The acting was absolutely beautiful. The relationships were gorgeous and so layered that I forgot I was watching a bunch of college kids acting, it felt as if I was a fly on the wall of these family gatherings. Boo’s family had a very interesting dynamic that was very well done considering how hostile it was when Boo and his father, Karl, were drinking. You could see where the love was, which was nice, but also you could kind of piece together how they got to this point as a family, which I adored. Bette’s side of the family reminds me a little of mine, Margret was a loving mother who only wanted what’s best for her kids. I especially loved Paul, there’s something about him not being able to speak well that reminded me of my dad, who sometimes isn’t understood well either, not because he has trouble speaking like Paul, but because he is living in a house of women, so there’s that slight communication gap. Bette’s two sisters, Emily and Joan were so striking. Their mannerisms were so different but there were enough idiosyncrasies that the three sisters all shared that cemented that they were indeed sisters.
The title characters Bette (portrayed by Laurel Toupal) and Boo (portrayed by Chase Naylor) gave heartbreaking performances. Toupal gave Bette this childlike giddiness that was so endearing. At first I was afraid that she wouldn’t mature throughout the show, and for a bit I felt as if my worries were correct, but there was a moment where she calls up her friend Bonnie that truly showed that the childlike mask was just that, a mask. It was the moment that she admitted to losing her babies to someone she hasn’t talked to in years that was the first time during this show that I sobbed like a little baby.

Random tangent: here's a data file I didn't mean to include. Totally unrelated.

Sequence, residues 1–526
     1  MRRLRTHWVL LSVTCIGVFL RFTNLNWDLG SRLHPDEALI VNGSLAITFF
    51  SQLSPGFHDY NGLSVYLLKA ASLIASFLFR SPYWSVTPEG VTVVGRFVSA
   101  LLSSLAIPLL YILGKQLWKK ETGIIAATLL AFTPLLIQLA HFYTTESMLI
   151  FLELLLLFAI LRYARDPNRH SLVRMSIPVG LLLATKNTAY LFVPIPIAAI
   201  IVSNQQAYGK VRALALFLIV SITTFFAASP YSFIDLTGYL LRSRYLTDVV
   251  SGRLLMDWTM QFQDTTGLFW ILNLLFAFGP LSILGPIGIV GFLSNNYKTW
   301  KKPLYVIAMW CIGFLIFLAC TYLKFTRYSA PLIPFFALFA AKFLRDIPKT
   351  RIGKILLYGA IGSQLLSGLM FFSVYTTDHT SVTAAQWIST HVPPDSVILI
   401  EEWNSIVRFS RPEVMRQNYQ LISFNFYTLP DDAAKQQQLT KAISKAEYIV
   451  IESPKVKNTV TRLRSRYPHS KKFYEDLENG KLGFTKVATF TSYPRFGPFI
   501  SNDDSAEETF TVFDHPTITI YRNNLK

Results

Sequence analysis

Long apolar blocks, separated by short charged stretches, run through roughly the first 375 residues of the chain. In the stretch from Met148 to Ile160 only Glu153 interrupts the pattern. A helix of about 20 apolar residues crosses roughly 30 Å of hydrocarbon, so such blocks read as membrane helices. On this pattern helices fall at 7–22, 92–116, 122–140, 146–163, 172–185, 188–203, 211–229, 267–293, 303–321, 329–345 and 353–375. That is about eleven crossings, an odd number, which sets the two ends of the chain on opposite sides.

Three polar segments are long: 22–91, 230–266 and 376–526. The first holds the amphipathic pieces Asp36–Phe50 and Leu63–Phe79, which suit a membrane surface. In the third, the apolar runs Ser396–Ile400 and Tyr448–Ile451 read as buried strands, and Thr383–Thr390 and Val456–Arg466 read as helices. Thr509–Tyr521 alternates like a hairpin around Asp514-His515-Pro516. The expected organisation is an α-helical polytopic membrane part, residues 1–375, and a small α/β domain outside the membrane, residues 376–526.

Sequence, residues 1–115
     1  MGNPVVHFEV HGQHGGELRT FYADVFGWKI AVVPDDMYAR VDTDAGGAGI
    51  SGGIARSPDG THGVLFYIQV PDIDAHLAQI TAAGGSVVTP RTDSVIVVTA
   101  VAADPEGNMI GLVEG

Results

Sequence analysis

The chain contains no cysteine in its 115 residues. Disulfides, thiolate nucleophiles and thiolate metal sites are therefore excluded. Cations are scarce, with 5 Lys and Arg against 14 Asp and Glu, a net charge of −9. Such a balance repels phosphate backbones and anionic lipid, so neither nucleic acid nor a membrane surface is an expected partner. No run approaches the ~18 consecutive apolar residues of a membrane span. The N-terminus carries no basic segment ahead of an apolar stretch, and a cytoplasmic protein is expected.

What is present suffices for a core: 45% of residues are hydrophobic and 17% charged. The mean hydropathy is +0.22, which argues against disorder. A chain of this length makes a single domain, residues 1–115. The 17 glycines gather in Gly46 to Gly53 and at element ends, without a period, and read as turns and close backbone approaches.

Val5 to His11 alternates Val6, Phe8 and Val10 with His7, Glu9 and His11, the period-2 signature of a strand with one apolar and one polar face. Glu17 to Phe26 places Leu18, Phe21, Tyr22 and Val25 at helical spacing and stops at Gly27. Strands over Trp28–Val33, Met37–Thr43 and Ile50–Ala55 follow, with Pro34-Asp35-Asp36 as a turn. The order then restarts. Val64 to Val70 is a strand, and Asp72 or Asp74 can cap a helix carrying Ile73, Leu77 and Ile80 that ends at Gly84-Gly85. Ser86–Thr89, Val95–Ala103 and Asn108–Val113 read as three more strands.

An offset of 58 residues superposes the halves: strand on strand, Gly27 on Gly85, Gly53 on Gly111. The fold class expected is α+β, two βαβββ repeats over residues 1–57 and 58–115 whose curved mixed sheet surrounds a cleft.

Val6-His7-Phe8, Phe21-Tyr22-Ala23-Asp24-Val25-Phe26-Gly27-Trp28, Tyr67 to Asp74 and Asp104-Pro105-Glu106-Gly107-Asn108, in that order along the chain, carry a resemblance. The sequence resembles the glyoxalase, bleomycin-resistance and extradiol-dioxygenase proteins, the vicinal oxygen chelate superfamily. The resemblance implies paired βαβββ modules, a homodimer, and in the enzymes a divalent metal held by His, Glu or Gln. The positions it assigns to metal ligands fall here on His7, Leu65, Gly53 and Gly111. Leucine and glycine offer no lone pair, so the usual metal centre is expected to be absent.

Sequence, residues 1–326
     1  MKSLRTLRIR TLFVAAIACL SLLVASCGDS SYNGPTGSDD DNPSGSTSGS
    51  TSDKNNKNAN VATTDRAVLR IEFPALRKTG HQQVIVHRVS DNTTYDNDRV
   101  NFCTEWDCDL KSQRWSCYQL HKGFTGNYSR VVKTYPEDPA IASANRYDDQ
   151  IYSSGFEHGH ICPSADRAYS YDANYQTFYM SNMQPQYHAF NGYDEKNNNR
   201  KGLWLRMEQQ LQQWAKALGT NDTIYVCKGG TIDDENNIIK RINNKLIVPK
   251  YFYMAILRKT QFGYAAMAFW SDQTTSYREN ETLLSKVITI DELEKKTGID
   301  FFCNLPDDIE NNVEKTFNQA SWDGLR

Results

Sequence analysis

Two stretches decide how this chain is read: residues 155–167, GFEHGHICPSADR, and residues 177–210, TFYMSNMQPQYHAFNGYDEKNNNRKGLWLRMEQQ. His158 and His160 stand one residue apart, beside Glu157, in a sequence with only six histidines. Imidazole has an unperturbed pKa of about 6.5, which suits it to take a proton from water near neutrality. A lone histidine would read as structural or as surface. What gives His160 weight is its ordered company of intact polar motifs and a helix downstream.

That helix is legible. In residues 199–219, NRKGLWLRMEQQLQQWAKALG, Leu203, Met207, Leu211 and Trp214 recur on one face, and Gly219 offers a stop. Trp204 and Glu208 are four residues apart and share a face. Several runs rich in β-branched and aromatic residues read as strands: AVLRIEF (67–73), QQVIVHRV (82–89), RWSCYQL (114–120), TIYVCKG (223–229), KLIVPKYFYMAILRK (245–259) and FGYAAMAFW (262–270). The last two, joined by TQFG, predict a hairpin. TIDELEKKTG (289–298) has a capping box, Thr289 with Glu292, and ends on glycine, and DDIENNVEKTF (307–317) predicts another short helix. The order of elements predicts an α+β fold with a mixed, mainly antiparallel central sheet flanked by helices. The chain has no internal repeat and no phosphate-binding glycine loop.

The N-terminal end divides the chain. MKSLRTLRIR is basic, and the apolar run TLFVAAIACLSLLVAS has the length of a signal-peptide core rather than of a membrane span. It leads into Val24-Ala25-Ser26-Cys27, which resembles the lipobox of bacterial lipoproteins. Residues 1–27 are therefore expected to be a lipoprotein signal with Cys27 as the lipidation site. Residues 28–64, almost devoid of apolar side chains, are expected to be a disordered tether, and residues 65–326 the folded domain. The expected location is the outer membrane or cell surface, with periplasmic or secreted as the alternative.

Chase Naylor’s Boo was so incredibly charming. What was so beautiful about his Boo was that I could see both sides of the arguments between him and Bette, and agree with both of them. This is difficult to do on these polarizing arguments over having another child despite having another may kill Bette or on if his drinking was truly alcoholism or if Bette was overreacting. The interactions between Boo and his father Karl were gorgeously done; there was that typical “I want my dad to be proud of me” but there was that acknowledgment on Boo’s side that his father is a ticking time bomb and you never know when he’ll go off.
The son/narrator, Matt (who his mother insisted on calling “Skippy”) was portrayed by Michael Connolly. First of all, he looked like he could really be the child of Toupal and Naylor, which was kind of perfect. On a more serious note though, his portrayal of this person felt so incredibly real. We see him literally from birth to his mid 30s, and he shows the aging in such a subtle way that is something I have never seen an actor successfully do. As the show kept going it felt almost as if he was speaking to me, but more in the way of reading me an essay or showing me snapshots of his family’s life. Something I really appreciated was how thoughtful he was when approaching his monologues, he would take pauses in those moments where a real person would be thinking about what to say next, which further solidified the essay-like approach he had to his monologues of narration.
Much like Snoopy I could go on and on about this show for years, but I’m already well over 1000 words, so I guess I’ll end it here. Congratulations to the company of The Marriage of Bette and Boo, I cannot wait to see what is coming next for this fantastic group of students. I cannot wait to see if Texas State can keep up this streak they have going of not putting on a mediocre show, so far they’re two for two.